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Lawsuit alleges gender discrimination and underpay at Disney

Lawsuit alleges gender discrimination and underpay at Disney

by Shruthi Venkatesh April 11 2019, 4:45 pm Estimated Reading Time: 3 mins, 30 secs

According to a new-class action lawsuit of extensive discrimination in world’s largest media corporation, it is found that The Walt Disney Company systematically underpays women. The lawyers, with the complaint filed on behalf of two employees at Walt Disney Studios, LaRonda Rasmussen and Karen Moore, on the 2nd of April, said that the company has routinely paid women less than men for the same work, describing the problem as an “egregious gender pay gap that appears to be engrained in Disney’s culture”.

Women allege men are paid 22% more on average than women

LaRonda Rasmussen was hired in 2008 as a senior financial analyst and eventually moved into a product development manager position. In 2017, she told Disney HR she believed she was making less than men and asked for an audit, the suit said. She was then making a $109,958 base salary, but six men with the same title allegedly had significantly higher salaries - receiving between $16,000 to nearly $40,000 more than she was. A recently hired male manager, with less experience than Rasmussen, was paid more than $20,000 more than she was, according to the suit. Five months later, Disney HR told her the gap “was not due to gender” but gave her a $25,000 raise that it attributed to an evaluation of “market forces”, the complaint said. As of 2018, she said she makes $5,270 less than the average salary of male managers. She makes roughly $34,000 less than male “senior” managers, who do similar work, she alleged.

Karen Moore, is a senior copyright administrator within Disney Music Group and has worked at the corporation for 23 years. The suit said she was discouraged from applying for an open manager position, which the company then converted to a “senior” role and gave to a man, who makes significantly more than her despite them doing equivalent work.

The law suit has hit Disney just as the company has completed its $71bn (£54bn) deal of 21st Century Fox. The plaintiffs also demand a judge to force Disney to create internal programs to “remedy the effects of Disney’s past and present unlawful employment policies,” including adjusting salaries and benefits for other women and creating a task force that compiles reports on progress.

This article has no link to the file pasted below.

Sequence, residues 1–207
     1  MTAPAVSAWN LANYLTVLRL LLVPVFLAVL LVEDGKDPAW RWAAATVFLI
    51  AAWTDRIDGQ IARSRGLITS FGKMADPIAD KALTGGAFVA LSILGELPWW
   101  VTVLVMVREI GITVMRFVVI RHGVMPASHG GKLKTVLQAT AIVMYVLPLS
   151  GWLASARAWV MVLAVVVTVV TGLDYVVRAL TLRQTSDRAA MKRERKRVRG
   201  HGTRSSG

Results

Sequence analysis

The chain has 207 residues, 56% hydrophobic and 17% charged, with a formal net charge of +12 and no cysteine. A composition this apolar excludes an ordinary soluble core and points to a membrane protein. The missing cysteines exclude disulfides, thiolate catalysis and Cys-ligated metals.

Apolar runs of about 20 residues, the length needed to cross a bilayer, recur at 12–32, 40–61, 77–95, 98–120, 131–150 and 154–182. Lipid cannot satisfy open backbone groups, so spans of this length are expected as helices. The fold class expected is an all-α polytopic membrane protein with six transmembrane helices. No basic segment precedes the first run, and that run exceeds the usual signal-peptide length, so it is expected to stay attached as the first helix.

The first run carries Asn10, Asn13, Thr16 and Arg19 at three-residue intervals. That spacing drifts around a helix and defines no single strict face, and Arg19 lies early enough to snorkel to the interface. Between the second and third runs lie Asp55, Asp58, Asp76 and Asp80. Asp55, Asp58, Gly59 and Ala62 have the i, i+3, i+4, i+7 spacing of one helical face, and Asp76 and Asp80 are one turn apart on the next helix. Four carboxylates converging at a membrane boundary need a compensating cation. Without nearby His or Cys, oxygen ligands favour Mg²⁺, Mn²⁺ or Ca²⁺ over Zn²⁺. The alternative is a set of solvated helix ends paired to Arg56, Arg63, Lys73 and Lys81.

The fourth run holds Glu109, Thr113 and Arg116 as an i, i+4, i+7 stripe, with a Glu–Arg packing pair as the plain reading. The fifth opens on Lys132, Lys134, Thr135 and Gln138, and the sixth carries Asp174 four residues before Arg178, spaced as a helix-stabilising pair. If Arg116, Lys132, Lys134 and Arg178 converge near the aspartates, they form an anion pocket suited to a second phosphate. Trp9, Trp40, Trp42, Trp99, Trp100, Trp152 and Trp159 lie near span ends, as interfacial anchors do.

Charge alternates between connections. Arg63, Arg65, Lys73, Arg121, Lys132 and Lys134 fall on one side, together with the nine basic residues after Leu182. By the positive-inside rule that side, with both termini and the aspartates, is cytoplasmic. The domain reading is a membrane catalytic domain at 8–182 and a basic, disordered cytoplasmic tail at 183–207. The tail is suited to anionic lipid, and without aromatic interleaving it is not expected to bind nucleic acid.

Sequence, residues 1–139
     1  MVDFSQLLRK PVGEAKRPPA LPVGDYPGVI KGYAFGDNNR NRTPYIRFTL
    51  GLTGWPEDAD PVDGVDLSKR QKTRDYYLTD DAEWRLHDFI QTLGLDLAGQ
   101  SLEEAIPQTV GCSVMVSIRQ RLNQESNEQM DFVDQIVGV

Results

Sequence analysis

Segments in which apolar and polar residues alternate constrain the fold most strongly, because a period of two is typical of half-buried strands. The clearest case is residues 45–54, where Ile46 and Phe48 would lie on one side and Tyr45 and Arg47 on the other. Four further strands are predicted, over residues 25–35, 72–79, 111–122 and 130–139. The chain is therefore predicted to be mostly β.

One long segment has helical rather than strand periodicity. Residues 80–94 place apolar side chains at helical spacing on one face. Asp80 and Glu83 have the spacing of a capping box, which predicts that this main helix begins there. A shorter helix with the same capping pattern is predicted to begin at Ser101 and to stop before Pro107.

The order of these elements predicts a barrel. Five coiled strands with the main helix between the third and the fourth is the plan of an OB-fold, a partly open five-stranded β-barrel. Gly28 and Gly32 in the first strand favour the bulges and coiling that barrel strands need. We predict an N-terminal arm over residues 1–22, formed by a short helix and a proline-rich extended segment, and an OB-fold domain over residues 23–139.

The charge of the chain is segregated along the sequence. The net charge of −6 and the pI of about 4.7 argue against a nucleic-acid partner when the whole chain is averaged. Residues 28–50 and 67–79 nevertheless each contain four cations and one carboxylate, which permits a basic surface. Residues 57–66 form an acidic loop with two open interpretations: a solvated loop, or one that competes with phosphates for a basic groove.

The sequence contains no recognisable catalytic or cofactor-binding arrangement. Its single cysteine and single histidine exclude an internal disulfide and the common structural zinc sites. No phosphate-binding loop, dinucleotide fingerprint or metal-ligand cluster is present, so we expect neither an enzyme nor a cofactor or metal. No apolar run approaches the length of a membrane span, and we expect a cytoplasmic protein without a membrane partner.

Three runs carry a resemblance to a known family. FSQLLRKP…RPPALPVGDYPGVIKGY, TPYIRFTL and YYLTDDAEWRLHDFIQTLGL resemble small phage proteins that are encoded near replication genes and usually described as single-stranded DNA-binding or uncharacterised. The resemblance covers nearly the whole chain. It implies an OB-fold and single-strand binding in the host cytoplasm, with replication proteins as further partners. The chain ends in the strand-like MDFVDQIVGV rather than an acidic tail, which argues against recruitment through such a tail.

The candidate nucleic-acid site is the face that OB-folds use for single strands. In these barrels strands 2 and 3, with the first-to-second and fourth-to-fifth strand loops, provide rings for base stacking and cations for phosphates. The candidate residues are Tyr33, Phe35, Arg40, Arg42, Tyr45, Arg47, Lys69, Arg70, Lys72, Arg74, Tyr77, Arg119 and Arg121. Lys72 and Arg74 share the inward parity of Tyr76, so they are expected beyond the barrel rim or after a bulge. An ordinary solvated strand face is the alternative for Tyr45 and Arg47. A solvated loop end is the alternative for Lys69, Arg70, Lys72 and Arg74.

Lori E. Andrus and Jennie Lee Anderson, lawyers representing the women, asked that the case be certified as a class action. “This is apparently a worldwide problem, and we’re going to tackle it in California,” the attorney Andrus told the Guardian. “Women are treated as cheap labour … and women are fed up with it. We hope that this lawsuit will shed some light on the pay discrimination that Disney is subjecting its hard-working female employees to.”

Disney said in a statement, “The lawsuit is without merit and we will defend against it vigorously.” Further it stated that the corporation had “robust pay equity practices and policies” supported by a “specialized team of Compensation professionals and lawyers”.

“As to the individual claims, we are confident that they will be found to be meritless when tested against the evidence, rather than the rhetoric of the complaint,” the statement added.

Disney is not the only one to face such a law suit. Earlier, Google and Oracle have faced similar litigation. In Disney’s recent pay gap report, states that it “takes a holistic approach to addressing and ensuring gender equality in our workforce”. The report added, “We are proud of the percentage of women we employ across the organisation and that we compensate and promote people based on their roles, experience and performance.”

Time’s Up, the Hollywood-led initiative to swipe-off workplace harassment and inequality (as reported by The New York Times), said that it had teamed with California lawmakers and Jennifer Siebel Newsom, the wife of Gov. Gavin Newsom, on a campaign to pressure California companies to sign an “equal pay pledge.” So far, 13 companies have agreed, including two in the entertainment business: Apple and AT&T, which owns Warner Media.

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